The debate over dual class firms has morphed from an objection to their very legitimacy to a demand to subject them to a mandatory sunset provision. My colleague and friend, Professor John Coffee, believes that dual class firms are undesirable and should be restricted, but, to his credit, he exposes the problems with mandating the sunset and suggests ways for improvement. Here, I wish to explain why restricting dual class firms might be costly to the economy.
The objection to dual class firms is familiar. In dual class firms, managers hold incontestable control through high voting shares, with a much smaller holding of equity. This is considered a weak governance structure, and “weak governance leads to weak performance.” Therefore, dual class firms should be restricted or at least limited in duration by a mandatory sunset provision. This reasoning, however, is flawed.
Suppose you are presented with three vehicles—a truck, a car, and a motorcycle—and then asked, “Which vehicle is the safest?” You will answer, “The truck.” Then you are asked, “Which one is the best?” You will reply, “Best for what? Moving cargo? Going on a family trip? Avoiding traffic?” If you are told that the answer should have been “the truck,” because “the safest vehicle is the best vehicle,” you will recognize that this answer is flawed. Vehicles trade off safety for functionality, and thus different vehicles will be best for different tasks. Motorcycles are not as safe as trucks, but are great for traveling cross-country, avoiding traffic, and saving on gas. They are also more prone to accidents and might be used for robbing a bank. But few would suggest prohibiting motorcycles, as we recognize the obvious trade-off between safety and functionality. Yet, this is exactly the type of arguments made against dual-class firms.
The allocation of control between shareholders and management also trades off safety for functionality. The manager wants control to pursue her idiosyncratic vision even against shareholders’ differing opinions or to avoid shareholders’ principal costs such as short-termism. As control determines the freedom to manage, it affects functionality. Shareholders, by contrast, value control because it allows them to minimize managerial agency costs by disciplining disloyal or incompetent managers. As control protects shareholders against agency costs, it affects safety. On the one hand, the more control is allocated to shareholders, the lower is the exposure to managerial agency costs (“high safety”), while management has less freedom to pursue its idiosyncratic vision and execute a long-term business strategy (“low functionality”). Such governance is like a truck. On the other hand, the more control is allocated to management, the more freedom it has to pursue its idiosyncratic vision and execute a long-term business strategy (“high functionality”), while the less is shareholders’ protection against managerial agency costs (“low safety”). Such governance is like a motorcycle. This is, indeed, the typical structure of dual class firms.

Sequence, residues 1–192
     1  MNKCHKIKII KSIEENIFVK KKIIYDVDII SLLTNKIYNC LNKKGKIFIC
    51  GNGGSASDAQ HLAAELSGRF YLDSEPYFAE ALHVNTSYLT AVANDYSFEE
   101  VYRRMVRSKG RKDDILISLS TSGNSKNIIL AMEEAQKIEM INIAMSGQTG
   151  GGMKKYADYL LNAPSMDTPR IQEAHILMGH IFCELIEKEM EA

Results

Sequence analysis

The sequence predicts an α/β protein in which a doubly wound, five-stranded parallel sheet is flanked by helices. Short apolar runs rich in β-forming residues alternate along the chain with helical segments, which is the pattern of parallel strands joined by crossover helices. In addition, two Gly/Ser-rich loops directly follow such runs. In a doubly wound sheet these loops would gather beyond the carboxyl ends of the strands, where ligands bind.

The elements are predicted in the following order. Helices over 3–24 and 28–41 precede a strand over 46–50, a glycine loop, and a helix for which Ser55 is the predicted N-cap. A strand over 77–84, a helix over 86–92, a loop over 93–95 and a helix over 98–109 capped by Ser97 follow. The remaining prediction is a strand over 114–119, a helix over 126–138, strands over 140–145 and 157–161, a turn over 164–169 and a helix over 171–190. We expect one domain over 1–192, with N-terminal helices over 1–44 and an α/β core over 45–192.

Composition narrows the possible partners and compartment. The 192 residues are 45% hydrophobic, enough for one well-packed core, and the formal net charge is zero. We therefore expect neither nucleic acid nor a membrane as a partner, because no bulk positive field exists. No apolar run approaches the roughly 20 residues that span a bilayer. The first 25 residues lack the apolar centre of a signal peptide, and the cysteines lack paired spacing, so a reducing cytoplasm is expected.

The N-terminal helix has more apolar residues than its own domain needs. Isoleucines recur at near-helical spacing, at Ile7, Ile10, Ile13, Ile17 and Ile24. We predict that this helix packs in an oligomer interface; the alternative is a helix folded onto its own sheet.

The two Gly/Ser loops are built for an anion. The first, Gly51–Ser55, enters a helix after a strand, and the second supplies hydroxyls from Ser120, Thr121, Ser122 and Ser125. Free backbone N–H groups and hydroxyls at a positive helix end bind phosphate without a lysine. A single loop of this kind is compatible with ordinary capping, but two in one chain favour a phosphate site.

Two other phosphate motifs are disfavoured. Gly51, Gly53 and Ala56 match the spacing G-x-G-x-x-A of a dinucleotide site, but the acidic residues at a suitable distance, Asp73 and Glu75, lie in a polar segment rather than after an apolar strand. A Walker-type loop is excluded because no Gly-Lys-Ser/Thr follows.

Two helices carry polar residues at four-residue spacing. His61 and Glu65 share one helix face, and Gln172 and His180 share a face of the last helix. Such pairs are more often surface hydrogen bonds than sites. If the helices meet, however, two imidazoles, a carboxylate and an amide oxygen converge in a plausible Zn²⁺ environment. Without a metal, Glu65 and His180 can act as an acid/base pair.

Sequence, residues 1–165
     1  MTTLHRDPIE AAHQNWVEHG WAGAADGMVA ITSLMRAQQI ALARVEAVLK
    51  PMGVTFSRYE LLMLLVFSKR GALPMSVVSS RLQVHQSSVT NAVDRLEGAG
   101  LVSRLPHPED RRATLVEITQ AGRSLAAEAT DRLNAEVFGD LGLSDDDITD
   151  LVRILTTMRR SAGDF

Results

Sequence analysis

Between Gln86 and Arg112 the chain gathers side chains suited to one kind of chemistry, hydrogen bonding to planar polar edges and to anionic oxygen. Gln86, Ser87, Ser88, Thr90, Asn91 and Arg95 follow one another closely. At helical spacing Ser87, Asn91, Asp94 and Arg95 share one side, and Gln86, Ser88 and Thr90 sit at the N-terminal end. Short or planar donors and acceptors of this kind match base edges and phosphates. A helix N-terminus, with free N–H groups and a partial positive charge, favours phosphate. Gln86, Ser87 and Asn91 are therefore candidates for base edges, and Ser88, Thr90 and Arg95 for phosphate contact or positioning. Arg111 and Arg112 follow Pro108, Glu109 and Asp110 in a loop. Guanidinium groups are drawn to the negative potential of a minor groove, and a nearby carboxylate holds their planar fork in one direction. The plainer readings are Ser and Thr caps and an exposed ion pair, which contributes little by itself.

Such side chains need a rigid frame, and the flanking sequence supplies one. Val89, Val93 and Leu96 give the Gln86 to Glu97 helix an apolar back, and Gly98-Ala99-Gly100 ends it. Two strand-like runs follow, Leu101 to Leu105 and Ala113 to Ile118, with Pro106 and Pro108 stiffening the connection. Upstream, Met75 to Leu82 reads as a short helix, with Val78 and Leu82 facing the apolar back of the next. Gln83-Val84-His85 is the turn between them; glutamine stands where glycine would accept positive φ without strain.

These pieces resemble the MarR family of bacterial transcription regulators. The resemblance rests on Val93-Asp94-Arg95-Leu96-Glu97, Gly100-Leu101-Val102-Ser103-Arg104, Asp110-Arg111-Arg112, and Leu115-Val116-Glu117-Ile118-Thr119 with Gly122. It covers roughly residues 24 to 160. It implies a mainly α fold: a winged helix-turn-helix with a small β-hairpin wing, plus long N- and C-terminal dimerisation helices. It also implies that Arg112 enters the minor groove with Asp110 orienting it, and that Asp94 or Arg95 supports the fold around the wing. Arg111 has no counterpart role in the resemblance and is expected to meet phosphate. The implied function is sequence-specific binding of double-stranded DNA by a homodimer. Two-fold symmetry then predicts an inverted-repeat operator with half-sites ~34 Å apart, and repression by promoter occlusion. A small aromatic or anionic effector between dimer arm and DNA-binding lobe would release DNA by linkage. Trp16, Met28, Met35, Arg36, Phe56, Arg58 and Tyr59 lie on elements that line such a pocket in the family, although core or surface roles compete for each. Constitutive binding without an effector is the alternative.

By owning the majority of voting rights in a dual class firm, the manager controls business decisions and can block any hostile takeover or activist campaign. Given management’s incontestable control, the only remedy left for shareholders against agency costs is suing for breaches of fiduciary duties. However, incontestable control also provides managers with the maximum ability to pursue an idiosyncratic vision and long-term business strategies. Indeed, the fact that prominent technology firms adopted the dual class structure suggests that technology firms might have higher idiosyncratic vision than other firms.
Why then restrict dual class firms? As mentioned above, the reason is that “weak governance leads to weak performance.” This empirical claim, however, is unfounded. It is the equivalent of suggesting that safety does not trade off against functionality, and therefore a motorcycle always functions worse. Once the control trade-off is acknowledged, any governance structure might be good for one type of business strategy but not for others. Indeed, empirical studies exploring the relationship between firm performance and aspects of corporate governance—such as staggered boards, hedge-fund activism, dual class shares—show conflicting results.